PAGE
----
Young people are no longer spending their Sundays nursing hangovers in front of the TV. They head out to their private allotments to tend to their vegetables. So when did that most suburban of activities become so hip?
Residents keep their eyes peeled for anyone breaking the rules
Undeterred by the bracing easterly wind, Dirk Ziegler is deadheading his geraniums. "It's good to get outside at the weekend," exclaims the 35-year-old father-of-two as he surveys his modest kingdom. Raising his voice above the roar of a passing train, he shrugs off the obvious downsides of the urban garden. "Having an allotment in the center of town is perfect because it's so easy to reach -- and it's great for the kids to have somewhere to play," he says.
Dirk is part of a wider movement of 30-somethings who've tired of late nights in smoky clubs and want to get back to nature. Three years ago, he and his girlfriend leased a garden allotment in Prenzlauer Berg -- a district in central Berlin more commonly associated with fashionable bars and boutiques -- and they've never looked back.
"Allotments have become trendy", confirmed Jürgen Hurt, President of the Berlin Association for Gardeners in an interview with the daily Berliner Zeitung. According to a study conducted by the association, the average age of tenants has dropped from 56 to 46 in the last six years.
The "Schrebergarten" (allotment) phenomenon, born a century ago, was named after the Leipzig-based doctor Daniel Schreber -- a staunch believer in exercise in the great outdoors for pasty-faced city children. Plots of land leased from the state became increasingly popular with tenants seeking gardens for their young, plus an opportunity to stock up their pantries with home-grown garden produce.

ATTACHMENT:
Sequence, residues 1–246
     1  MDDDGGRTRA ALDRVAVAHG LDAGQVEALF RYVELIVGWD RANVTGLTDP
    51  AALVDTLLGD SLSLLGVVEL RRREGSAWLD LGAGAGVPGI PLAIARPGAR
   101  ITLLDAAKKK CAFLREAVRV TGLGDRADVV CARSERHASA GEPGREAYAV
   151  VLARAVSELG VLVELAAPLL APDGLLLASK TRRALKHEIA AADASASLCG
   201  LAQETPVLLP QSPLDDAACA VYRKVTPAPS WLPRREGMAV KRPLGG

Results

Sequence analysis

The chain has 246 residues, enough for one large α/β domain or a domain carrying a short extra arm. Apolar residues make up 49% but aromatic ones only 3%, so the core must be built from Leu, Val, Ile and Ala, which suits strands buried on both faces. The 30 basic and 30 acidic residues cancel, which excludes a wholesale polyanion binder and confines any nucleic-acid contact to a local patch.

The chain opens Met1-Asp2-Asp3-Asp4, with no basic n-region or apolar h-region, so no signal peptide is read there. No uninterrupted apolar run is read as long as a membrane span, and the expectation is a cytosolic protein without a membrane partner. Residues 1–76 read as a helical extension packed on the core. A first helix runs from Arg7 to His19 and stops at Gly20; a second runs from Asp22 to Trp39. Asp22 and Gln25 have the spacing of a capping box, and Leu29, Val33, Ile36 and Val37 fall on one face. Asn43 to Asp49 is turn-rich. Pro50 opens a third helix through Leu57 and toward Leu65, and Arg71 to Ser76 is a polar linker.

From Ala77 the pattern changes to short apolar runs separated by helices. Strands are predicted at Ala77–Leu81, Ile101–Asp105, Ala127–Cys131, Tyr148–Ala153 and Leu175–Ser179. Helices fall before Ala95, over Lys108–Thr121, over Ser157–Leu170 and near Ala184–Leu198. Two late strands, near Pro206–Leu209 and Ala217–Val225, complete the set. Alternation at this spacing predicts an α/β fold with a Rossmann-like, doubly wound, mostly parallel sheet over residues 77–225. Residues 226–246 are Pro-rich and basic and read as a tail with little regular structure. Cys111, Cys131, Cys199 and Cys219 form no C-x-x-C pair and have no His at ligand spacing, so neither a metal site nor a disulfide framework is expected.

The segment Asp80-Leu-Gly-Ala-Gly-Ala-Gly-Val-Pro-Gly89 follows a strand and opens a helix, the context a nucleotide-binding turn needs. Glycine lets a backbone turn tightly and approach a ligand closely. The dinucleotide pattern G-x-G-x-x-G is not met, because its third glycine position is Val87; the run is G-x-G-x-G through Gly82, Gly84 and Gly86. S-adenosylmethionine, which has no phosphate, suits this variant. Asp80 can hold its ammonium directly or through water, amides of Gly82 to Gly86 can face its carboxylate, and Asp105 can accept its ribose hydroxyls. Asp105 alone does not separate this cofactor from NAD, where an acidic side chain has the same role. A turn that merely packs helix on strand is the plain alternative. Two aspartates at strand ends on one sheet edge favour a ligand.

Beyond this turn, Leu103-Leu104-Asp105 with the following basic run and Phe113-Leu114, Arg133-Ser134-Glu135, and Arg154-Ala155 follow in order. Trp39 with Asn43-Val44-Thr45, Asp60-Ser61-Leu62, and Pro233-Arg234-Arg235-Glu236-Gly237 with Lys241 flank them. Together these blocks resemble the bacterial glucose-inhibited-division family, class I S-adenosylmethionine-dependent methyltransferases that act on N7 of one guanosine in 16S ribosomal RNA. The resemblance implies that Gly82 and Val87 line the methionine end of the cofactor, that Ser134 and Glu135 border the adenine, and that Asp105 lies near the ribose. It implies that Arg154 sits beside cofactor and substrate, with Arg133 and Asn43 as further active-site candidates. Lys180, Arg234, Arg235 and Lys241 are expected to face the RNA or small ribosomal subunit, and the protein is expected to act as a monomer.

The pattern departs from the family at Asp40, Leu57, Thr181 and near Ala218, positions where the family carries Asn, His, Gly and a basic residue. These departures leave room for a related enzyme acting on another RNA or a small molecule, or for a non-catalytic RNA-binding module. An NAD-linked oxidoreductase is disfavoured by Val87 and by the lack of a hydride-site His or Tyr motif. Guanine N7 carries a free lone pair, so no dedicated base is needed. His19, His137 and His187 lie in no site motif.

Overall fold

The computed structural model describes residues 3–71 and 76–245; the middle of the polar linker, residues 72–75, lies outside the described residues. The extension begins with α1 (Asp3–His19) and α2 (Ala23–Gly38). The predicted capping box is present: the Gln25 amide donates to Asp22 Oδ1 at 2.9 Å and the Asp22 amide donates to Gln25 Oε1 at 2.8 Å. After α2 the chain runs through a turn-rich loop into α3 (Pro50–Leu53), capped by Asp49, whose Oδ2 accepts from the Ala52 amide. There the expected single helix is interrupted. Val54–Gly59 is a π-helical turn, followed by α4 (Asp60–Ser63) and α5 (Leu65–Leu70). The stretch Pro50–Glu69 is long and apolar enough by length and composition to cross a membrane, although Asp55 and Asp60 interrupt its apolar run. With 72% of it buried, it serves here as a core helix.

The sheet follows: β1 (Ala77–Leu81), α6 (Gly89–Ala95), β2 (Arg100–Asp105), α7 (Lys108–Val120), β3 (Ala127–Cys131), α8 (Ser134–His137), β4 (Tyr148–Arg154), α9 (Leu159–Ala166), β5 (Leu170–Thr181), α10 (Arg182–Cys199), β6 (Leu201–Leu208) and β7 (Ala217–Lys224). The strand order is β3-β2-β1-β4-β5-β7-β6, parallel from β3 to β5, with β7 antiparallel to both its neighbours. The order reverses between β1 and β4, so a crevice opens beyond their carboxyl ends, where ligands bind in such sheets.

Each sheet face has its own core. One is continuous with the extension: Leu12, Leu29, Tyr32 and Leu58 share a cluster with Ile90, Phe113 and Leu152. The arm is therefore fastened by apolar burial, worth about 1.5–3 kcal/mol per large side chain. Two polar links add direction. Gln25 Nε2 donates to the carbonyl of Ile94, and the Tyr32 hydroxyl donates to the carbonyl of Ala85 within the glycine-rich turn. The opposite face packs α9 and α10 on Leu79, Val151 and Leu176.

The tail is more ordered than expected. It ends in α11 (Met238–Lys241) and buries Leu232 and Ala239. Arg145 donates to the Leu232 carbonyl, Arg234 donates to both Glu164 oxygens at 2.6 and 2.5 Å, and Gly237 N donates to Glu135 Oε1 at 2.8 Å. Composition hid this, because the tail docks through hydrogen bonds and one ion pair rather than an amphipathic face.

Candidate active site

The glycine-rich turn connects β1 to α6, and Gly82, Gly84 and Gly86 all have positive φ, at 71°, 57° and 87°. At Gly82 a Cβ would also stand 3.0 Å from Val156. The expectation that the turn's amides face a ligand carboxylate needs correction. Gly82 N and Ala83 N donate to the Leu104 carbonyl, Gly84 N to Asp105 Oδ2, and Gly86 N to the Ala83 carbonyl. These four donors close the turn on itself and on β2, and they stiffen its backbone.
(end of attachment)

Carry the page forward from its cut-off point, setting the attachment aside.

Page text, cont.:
Meet the weekend warriors
Today, pedestrians on the busy Bornholmer Bridge, which earned its place in history as the first border-crossing to be opened to East Germans back in 1989, can look down on the "garden colony" where Dirk and his family now spend most of their free time. Flanked by railway lines and shopping malls, it's a haven of tranquillity in an otherwise bleak urban landscape.
Rosy-cheeked garden gnomes preside over well-kept lawns, framed by rows of flourishing hollyhocks and crispy-looking lettuces. If it weren't for the not-so-distant hum of traffic, it would be a rural idyll.
But what's most striking is that few of the residents are lounging around with a beer and the sports section of the Sunday paper -- they're all getting their hands dirty.
"I put in at least ten hours of work a week," says Dirk, who's been digging in his flower-bed all day. His neighbor is busy putting up a trellis, while across the way, Mrs Sturmer is fixing her roof. She's part of the colony's elder generation, who can remember a time when allotments were about survival rather than leisure.
"My allotment has been in the family for three generations," she explained. "My grandfather leased it during the recession in the 1920s, when people in the city really needed their allotments. Back then, it was a necessity, because if you didn't grow your own vegetables, you didn't have any."